Super Strong Woman Found in Lower Central America’s Earliest Human Burial
Nicaragua is a country which is not associated with many archaeological finds, unlike other nations in Central America. However, recently archaeologists in the country have found the oldest human burial ever unearthed in the region. They discovered a grave containing the almost complete remains of a mystery woman who lived approximately 4,000 years ago. The find could revolutionize the history of the area.
Found near Monkey Point Village
Nicaraguan archaeologists were working on a remote site known as the ‘Angi shell-matrix site’ according to Antiquity. It is near the village of Monkey Point on the Caribbean coast of the country, home to a community who are of African descent. There have been small finds here since the 1970s and experts believe that a fishing community lived here and that they possibly used the rivers to engage in long-distance trade in the past. However, archaeologists have been frustrated by the lack of material remains which probably deteriorated in the hot tropical climate and because of the acidity levels in the soil.
Left Top - A map of Nicaragua, where the ancient woman's remains were found; Left Bottom - Monkey Point, the site of the archaeological dig; Right - a zoomed-in image of Monkey Point, showing the exact spot of the Angi site. (Roksandic M / Antiquity)
A Grave with Seashells
The excavation was conducted with the assistance of local indigenous communities, the Kriol and Rama. Experts found the woman in an oval grave that was 6 feet (2 meters) wide and high that was, “lined with basalt and a layer of charcoal-rich sediment” according to the IFL Science website. She was found on her back and her body was placed in the grave with her knees bent and with her hands by her side. Interestingly she was deposited on a mound of shells that indicate that she was buried with some form of ritual. The shells apparently reduced the “acidity of the soil and helped preserve the remains” reports Live Science.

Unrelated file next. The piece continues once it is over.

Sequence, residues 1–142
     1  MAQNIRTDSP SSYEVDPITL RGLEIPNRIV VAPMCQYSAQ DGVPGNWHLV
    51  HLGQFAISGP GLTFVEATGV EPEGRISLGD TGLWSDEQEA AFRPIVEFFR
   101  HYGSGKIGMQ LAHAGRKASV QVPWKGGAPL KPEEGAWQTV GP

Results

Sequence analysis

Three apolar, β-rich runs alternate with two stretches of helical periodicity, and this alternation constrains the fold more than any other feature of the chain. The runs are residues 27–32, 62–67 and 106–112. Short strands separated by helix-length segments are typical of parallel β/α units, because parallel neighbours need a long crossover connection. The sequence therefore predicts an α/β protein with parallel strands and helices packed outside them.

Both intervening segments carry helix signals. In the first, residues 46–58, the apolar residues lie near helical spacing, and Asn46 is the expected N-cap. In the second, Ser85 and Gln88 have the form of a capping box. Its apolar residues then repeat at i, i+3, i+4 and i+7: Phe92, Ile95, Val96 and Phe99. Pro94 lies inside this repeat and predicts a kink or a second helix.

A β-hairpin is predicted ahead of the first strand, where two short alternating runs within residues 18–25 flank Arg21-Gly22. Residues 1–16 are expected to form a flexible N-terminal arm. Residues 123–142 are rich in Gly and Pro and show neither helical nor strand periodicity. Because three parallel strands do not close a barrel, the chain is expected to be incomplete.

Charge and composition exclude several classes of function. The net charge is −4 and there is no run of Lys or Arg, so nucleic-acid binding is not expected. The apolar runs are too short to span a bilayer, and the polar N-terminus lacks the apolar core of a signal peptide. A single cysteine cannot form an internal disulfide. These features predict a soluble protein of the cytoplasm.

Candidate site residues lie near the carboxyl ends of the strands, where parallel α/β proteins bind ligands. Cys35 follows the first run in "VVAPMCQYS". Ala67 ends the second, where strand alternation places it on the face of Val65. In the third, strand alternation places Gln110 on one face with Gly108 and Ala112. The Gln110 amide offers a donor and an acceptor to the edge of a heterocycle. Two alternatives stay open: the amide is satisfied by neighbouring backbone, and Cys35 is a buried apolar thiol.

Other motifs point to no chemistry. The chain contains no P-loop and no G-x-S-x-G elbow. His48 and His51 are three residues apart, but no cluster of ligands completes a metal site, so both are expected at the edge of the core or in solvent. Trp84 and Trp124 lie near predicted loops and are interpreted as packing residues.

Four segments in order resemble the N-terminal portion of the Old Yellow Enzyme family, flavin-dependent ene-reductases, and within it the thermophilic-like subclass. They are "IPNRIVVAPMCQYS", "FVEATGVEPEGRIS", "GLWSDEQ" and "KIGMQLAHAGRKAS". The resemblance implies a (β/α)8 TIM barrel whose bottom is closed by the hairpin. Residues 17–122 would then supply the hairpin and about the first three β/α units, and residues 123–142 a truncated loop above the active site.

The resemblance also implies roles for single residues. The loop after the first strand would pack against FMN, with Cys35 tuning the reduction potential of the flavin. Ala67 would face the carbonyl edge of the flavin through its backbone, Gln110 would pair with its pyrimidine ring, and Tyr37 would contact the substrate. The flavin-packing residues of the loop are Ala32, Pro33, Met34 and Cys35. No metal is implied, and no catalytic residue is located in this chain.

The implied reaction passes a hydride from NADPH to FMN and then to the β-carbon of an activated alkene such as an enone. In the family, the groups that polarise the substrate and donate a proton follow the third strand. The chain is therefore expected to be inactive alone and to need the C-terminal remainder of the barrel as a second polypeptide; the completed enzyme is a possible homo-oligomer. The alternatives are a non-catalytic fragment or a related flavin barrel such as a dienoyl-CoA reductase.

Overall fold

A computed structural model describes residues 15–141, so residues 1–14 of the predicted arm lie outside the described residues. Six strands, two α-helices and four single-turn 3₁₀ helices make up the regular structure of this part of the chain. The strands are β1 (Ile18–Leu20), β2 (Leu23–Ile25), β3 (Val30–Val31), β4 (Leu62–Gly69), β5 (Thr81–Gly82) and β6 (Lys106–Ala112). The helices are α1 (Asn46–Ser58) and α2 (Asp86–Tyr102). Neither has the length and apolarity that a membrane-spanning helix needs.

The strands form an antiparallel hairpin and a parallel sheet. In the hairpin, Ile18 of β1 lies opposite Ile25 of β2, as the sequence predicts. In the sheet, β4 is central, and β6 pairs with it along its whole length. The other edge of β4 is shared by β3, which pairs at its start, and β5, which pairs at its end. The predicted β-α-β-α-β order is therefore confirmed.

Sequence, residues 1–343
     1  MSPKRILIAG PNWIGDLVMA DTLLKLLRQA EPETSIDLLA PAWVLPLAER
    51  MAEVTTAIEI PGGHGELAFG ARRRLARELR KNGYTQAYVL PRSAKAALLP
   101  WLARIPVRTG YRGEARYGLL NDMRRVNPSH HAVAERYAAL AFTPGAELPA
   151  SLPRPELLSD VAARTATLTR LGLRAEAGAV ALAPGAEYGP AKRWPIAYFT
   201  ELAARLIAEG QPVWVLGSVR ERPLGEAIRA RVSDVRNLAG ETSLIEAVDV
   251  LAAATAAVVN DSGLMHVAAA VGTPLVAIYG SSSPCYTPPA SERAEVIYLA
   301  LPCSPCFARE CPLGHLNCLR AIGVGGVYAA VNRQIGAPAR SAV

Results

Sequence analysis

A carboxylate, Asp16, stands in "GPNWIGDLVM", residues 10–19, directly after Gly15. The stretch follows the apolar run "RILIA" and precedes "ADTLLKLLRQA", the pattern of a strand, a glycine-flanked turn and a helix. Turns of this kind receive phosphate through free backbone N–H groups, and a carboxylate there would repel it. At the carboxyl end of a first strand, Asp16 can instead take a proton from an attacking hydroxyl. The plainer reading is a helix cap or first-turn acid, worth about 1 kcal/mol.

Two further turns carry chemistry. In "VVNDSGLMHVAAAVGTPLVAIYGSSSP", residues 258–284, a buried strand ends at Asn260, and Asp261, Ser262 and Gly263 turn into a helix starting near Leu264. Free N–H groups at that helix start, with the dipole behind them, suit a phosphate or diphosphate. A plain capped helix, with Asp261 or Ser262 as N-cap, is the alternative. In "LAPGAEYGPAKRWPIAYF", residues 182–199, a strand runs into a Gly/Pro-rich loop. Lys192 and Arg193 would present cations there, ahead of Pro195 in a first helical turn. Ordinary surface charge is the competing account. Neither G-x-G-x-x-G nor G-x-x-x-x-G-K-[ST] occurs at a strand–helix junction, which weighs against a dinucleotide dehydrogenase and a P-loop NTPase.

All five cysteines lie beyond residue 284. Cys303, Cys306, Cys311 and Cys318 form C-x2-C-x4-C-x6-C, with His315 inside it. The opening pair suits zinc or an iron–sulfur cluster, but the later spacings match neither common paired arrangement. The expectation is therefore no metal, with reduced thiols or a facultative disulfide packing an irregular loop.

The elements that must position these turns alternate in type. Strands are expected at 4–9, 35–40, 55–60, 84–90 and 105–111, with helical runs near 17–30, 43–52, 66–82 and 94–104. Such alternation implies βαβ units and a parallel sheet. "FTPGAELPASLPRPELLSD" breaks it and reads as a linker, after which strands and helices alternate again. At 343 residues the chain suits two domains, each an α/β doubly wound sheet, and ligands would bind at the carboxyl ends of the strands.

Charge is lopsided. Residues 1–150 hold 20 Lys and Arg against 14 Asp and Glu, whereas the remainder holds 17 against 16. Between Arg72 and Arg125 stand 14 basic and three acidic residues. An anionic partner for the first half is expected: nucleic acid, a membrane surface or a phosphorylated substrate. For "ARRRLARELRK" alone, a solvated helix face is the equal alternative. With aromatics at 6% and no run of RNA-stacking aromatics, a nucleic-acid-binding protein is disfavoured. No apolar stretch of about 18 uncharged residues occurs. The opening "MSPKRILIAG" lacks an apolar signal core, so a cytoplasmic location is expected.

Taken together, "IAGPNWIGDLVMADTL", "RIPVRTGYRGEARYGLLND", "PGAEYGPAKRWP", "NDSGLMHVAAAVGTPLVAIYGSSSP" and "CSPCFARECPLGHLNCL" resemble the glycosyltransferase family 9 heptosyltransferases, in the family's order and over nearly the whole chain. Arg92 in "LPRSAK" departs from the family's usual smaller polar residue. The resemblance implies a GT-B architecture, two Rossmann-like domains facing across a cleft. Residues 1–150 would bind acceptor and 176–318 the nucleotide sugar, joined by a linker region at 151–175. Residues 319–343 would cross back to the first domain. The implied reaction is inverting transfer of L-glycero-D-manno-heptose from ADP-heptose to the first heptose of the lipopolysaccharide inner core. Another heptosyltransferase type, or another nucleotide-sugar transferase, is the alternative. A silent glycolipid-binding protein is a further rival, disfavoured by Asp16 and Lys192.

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Top - The excavated burial of the ancient woman, bottom - how she was buried in a shallow oval pit about 5,900 years ago. (Roksandic M / Antiquity)
Dating the remains was initially difficult because while the skeleton was well-preserved and intact there was little collagen, a protein found in muscles of the body. This meant that it was difficult to carbon date the find, but according to Antiquity, “samples obtained from surrounding deposits date the burial to c. 3900 BC.” This means that the discovery was not only the earliest burial ever recorded in Lower Central America but is also the oldest archaeological site on Nicaragua’s Caribbean coast.
A Muscular Woman
The remains were studied by local experts and anthropologists from the University of Winnipeg, Canada. This showed that the remains were of a woman who was between 25 and 45. She was quite short in stature at just under five feet (150 cm) but it should be noted that many of the indigenous population are of a similar height, such as the Rama, who live in communities not far from Monkey Point.
The left radius - arm bone of the ancient woman. Notice the pronounced markings on the bone, which suggest she was muscular. (Roksandic M / Antiquity)
Mirjana Roksandic from the University of Winnipeg who is the lead author of a study on the discovery stated that the woman had “strongly developed musculature of the forearm” according to Live Science. When alive she was very powerfully built. This has led the investigators to believe that she was a rower which may account for her powerful build. Even today many locals are muscular because they are regular rowers. It is common to see young Rama children and old women rowing in wooden canoes out at sea.
What Does the Burial Tell Us?
Analysis of the woman’s remains also revealed that her teeth were very worn. This is also the case with the modern population of the area, mainly because of the large amount of shelled fish that they consume. As a result, it would appear that the woman had a diet that was rich in shellfish. The find gives an important insight into the economy and society of the region some 4000 years ago, suggesting that it was one based on fishing and gathering, rather similar to the traditional Rama and Kriol lifestyle today.
A profile shot of the Angi burial. Left - photo taken during the excavation. Right - drawing of photo, showing the different layers, as well as where the shells and body were buried. (Roksandic M / Antiquity)
There is expected to be more investigations of the site, with the collaboration of the indigenous communities that could lead to even more finds. Live Science reports that the team who found the grave “got permission from the local Rama and Kriol communities to continue their work.” This will allow experts to understand the development of human societies not only in modern Nicaragua but all of Central America. It could show that Lower Central America was more historically important than once thought. However, the Nicaraguan government intends to develop this area including the building of a transoceanic canal. This will possibly disrupt or even halt future excavations in the areas around Monkey Point and have a devastating impact on the local indigenous people.
Shells at Angi Site. (Dr. Mirjana Roksandic / YouTube)
Top image: The excavated burial of the ancient woman in Nicaragua. Source: Roksandic M / Antiquity
By Ed Whelan